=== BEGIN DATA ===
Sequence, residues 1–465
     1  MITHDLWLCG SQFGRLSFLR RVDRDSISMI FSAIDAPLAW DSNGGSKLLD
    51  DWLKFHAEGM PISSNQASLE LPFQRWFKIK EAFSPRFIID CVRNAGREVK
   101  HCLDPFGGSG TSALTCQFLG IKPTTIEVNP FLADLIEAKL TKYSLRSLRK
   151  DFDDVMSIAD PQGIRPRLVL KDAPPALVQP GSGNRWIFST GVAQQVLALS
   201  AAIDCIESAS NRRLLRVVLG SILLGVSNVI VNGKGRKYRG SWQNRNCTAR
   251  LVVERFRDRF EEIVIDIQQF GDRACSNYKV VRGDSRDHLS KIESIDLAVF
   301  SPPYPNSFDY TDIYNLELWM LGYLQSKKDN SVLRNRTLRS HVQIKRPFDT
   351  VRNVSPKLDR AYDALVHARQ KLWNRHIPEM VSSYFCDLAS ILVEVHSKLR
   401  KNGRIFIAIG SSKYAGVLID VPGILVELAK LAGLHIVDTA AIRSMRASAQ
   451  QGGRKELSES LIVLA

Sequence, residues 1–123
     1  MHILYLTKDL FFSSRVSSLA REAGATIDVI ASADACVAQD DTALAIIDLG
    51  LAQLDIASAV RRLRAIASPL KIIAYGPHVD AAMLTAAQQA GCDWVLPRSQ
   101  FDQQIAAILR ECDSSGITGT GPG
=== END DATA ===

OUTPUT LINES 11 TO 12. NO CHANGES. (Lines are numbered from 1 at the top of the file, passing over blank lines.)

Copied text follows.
   451  QGGRKELSES LIVLA

Sequence, residues 1–123